EXECUTION/TACTICS: 

Weber Shandwick pursued its strategy through four tactics to gain exposure for Goya:

  • Message development
  • Aggressive bilingual outreach
  • Multimedia, bilingual material development
  • Corollary event planning

Message development: Weber Shandwick brought Goya and Smithsonian representatives together to develop messages about the meaning of the Goya Collection at the National Museum of American History.  As a result, the following messages emerged:

  • The Goya Collection tells a great American success story, not just the story of Goya or a Hispanic story, but also the story of thousands of immigrant-founded enterprises and their contribution to America.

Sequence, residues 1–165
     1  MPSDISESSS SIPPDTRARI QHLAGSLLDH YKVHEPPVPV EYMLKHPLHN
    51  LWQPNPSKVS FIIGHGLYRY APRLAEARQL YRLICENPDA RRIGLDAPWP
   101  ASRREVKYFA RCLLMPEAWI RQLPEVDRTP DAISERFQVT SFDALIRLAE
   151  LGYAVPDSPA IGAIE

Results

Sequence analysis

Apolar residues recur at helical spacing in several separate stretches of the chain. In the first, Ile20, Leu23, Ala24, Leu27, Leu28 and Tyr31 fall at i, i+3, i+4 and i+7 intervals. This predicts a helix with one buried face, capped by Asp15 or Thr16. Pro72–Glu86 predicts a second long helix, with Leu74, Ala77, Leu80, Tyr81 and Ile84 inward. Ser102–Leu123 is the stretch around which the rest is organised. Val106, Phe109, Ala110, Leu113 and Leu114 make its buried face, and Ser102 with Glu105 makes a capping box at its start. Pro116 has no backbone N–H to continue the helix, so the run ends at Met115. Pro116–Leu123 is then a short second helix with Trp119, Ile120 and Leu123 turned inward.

• The Collection is the Museum’s first from a Hispanic business.
  • The Collection allows researchers and the public to learn not only about the growth of a Latino-owned business, but to see how Latino culture has enriched American history.

These messages were the basis for all communications about the Goya Collection’s debut at the Smithsonian.  In addition, Weber Shandwick developed a set of issues-management messages for use in the event a member of the media brought up reports of a minor 1998 labor dispute associated with Goya’s Miami operation.  We are pleased to say that because we thoroughly researched members of the media list, it contained no unexpected, “hostile” members.  We did not have occasion to use the labor messages.